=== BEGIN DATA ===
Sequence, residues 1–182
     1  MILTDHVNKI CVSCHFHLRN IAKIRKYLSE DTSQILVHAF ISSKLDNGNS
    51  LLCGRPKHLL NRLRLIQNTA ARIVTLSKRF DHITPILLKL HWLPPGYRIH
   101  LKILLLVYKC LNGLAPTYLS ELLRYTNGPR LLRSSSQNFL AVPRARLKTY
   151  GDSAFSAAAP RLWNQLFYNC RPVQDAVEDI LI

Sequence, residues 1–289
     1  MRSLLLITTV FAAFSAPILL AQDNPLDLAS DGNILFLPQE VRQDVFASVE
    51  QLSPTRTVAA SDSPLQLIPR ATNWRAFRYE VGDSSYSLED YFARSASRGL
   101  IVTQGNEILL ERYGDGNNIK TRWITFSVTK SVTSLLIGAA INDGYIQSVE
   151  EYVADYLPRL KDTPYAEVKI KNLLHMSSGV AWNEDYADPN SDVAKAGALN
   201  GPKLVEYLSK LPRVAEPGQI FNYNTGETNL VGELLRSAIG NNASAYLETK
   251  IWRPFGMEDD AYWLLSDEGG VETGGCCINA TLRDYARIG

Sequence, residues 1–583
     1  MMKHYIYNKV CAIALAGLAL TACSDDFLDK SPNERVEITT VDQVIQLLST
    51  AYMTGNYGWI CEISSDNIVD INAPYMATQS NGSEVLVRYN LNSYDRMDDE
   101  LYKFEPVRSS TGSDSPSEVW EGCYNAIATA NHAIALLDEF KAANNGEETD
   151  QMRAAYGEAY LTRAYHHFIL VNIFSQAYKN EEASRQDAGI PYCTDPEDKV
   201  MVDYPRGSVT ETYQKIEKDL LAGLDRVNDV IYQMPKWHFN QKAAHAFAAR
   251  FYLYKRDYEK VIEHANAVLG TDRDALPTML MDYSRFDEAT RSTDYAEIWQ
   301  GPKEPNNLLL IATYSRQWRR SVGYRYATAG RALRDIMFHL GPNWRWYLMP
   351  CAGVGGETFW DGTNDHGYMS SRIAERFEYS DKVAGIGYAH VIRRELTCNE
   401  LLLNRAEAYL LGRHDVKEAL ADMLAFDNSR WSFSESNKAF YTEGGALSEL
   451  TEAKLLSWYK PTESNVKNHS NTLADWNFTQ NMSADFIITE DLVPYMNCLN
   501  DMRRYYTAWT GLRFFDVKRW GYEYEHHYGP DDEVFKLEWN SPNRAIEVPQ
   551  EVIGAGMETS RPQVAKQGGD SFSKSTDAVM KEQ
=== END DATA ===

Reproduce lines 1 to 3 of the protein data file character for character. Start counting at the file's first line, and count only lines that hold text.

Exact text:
Sequence, residues 1–182
     1  MILTDHVNKI CVSCHFHLRN IAKIRKYLSE DTSQILVHAF ISSKLDNGNS
    51  LLCGRPKHLL NRLRLIQNTA ARIVTLSKRF DHITPILLKL HWLPPGYRIH